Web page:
Green is the new gold in the auto-making world. From Detroit to Tokyo to Schenzhen, domestic and foreign carmakers are beginning to showcase a new generation of vehicles that run on electricity or hybrid power. While the recent plunge in gasoline prices has made it far cheaper to drive a conventionally fueled vehicle than just a few months ago — when pump prices exceeded $4 a gallon — experts say fuel efficiency remains a top priority for drivers.
“Consumers are completely reconsidering everything about buying a car, in terms of what attributes they're looking for,” said Stephen Berkov, executive director of client strategy at Edmunds.com, an automotive Web site. “Now, the No. 1 factor would be fuel efficiency — that's a paradigm shift. Automotive marketing has always been about performance, and now it's about fuel efficiency.”
Such sentiment explains automakers' zeal for new vehicle technology that not only preserves natural resources and the environment but also draws drivers to new-car showrooms. President Barack Obama's pledge to promote clean energy and green jobs could boost interest in hybrid and electric vehicles, as could a resurgence in gas prices that is likely to occur with a revival of the world economy.
Along with established car companies, high-profile niche players are racing to develop green cars. They include Tesla Motors Inc., a small California company building high-performance, all-electric cars selling for more than $100,000.
But developing green cars is expensive and time-consuming, the technology behind them continues to evolve and the consumer market is subject to swings in oil prices and buyer whims. In December, Toyota said it was putting on hold indefinitely the opening of a new Mississippi plant built to produce the gasoline-electric Prius hatchback.
On the other hand, the cost of green cars could fall as production volumes increase and technology advances. Green cars are getting support from government officials and others seeking to reduce dependence on oil. In Hawaii, the state government and Hawaiian Electric Co. endorsed a plan in December to create a system featuring a network of recharging stations and battery-swap sites for use by electric cars. The plan calls for a partnership with Better Place, an alternative energy company founded by former software executive Shai Agassi.
William C. Ford Jr., executive chairman of the Ford Motor Co., which is aiming to sell an all-electric, battery-powered vehicle by 2011, told The New York Times that his company felt compelled by competitive pressure to offer electric cars. “Frankly, I think it's a gamble not to do it. It's clear that society is headed down this road.”
Ford's electric vehicle, which the company says will be able to travel 100 miles on a single charge, is part of a plan to market four new hybrid or electric Fords in the next four years. Ford has been selling hybrids — which combine gasoline and battery power — since 2004, when it introduced the hybrid model of its Escape SUV. Ford is expected to begin selling a 2010 hybrid model of its Fusion midsize sedan this spring. Its 41-miles-per-gallon in-city driving and 36 on the highway beats Toyota's Camry hybrid (33 and 34 miles per gallon, respectively).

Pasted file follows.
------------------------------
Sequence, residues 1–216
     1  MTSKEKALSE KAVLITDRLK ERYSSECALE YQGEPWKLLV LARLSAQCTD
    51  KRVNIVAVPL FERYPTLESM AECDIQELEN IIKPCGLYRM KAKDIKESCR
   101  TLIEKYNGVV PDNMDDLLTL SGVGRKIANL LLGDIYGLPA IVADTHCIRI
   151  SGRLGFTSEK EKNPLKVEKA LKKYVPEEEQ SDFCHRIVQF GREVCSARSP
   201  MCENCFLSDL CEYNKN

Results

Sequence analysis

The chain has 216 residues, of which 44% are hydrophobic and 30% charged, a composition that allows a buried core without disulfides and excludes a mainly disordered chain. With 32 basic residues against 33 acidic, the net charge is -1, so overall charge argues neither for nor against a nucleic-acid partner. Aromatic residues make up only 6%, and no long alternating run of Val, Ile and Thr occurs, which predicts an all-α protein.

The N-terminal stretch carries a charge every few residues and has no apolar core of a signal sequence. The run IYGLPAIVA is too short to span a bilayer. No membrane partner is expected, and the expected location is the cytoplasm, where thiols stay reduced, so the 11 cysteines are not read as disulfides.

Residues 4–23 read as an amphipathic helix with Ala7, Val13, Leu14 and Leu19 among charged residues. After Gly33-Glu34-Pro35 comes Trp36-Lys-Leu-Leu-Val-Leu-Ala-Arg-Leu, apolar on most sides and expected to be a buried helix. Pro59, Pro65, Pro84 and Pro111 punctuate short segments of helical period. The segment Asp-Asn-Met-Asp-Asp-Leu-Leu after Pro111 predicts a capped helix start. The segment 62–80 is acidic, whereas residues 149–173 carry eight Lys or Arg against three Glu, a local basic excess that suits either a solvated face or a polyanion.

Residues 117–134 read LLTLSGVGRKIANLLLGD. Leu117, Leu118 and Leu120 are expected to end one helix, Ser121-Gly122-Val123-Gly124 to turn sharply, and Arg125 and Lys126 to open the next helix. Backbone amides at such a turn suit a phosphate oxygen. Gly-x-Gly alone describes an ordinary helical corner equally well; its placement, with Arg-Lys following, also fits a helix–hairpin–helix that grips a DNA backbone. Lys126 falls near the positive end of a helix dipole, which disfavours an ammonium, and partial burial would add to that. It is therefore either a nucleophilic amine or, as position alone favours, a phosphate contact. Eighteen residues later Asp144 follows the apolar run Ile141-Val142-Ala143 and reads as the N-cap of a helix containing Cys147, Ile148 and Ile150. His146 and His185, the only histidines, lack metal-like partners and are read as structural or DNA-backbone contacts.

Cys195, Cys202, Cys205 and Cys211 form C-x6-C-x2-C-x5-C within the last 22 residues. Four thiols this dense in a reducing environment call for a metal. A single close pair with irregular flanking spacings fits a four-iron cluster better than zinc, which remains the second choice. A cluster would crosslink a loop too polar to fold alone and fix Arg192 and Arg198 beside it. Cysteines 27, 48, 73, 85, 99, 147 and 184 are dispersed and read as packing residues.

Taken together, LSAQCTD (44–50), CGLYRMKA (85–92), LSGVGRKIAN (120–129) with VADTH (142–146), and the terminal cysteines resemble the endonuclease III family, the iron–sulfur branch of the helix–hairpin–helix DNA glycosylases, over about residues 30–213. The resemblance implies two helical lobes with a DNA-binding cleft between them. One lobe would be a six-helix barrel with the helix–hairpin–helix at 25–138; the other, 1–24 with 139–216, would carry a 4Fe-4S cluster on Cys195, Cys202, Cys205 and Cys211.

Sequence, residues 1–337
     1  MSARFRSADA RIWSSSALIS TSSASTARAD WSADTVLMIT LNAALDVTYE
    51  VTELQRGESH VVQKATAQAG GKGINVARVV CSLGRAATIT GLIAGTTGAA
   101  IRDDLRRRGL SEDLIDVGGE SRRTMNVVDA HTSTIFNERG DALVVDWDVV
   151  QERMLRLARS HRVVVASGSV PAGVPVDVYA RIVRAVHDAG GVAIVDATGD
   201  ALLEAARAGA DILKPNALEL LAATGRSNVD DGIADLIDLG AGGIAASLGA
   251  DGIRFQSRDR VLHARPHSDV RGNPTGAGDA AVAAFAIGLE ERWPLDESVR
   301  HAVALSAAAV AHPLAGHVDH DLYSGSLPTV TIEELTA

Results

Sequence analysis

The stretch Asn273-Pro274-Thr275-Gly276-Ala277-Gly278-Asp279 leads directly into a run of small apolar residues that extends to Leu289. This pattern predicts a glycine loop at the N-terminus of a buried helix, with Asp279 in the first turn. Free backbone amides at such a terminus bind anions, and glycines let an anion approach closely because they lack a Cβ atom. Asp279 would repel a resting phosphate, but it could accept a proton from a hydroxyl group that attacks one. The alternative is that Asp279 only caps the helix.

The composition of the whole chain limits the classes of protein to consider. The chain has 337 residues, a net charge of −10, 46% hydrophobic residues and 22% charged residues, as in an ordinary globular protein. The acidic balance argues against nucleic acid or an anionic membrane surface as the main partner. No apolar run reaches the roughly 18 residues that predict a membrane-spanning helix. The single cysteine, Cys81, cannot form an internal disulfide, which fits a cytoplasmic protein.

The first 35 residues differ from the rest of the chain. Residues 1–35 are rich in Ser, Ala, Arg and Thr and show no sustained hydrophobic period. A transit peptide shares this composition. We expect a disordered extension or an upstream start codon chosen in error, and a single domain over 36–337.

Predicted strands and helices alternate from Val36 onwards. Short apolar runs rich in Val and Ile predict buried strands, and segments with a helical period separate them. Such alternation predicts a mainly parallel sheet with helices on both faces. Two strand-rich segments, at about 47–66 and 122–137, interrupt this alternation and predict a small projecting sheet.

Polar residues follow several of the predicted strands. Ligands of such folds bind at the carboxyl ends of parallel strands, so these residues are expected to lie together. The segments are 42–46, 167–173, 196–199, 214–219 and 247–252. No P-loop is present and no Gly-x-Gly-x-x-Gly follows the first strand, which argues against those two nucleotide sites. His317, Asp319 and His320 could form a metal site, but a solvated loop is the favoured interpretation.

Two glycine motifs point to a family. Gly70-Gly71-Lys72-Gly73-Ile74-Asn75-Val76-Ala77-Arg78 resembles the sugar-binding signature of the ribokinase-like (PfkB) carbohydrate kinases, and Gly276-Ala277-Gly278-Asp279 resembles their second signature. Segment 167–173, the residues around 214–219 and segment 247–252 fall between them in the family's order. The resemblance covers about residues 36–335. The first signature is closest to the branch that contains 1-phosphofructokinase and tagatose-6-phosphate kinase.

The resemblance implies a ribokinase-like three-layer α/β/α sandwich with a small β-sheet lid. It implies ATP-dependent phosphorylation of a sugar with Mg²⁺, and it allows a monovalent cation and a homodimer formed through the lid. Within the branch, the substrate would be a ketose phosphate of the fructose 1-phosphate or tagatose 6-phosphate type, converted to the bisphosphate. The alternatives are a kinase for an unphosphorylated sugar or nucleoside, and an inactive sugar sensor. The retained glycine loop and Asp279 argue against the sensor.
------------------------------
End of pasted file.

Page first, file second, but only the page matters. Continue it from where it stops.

Ford's effort is just one example of the race to embrace green cars. Here are some other efforts revving up:
General Motors plans to begin selling its heavily promoted Chevrolet Volt electric car in fall 2010. Expected to cost from $30,000 to $40,000, the Volt is propelled by an electric motor that runs on lithium-ion batteries that can be recharged from a home electric outlet.
The batteries are designed to last for the first 40 miles, after which a gasoline generator can keep the batteries charged and the car going for up to 400 miles at the equivalent of 50 miles per gallon, according to GM. Recharging the battery takes between three and six-and-a-half hours, depending on whether a 110-volt or 220-volt supply is used.
GM showed off an electric Cadillac Converj concept car at the North American International Auto Show in Detroit in January.
Chrysler introduced three electric prototypes last year — the Dodge EV, Jeep EV and Chrysler EV. The company intends to introduce an electric vehicle for the North American market in 2010.
Japanese carmakers — and even the Chinese — also are moving aggressively into the electric-car market:
Toyota, a leader in hybrid gasoline-battery technology, plans to sell a small all-electric car in 2012 and to test a plug-in version of its hybrid Prius using lithium-ion batteries late this year. It also reportedly is developing a solar-powered vehicle, though marketing is thought to be years away.
Honda plans a new version of its Honda Insight hybrid in April that is expected to sell for no more than $20,000, or about 10-20 percent below the price of a Prius.
Mitsubishi and Fuji Heavy Industries, Subaru's parent companies, are testing electric cars, and Nissan's CEO has said it will have an electric car for U.S. and Japanese consumers as soon as 2010.
Chinese company BYD Auto Co. set a target date of 2011 to begin selling an electric crossover vehicle and a plug-in hybrid sedan.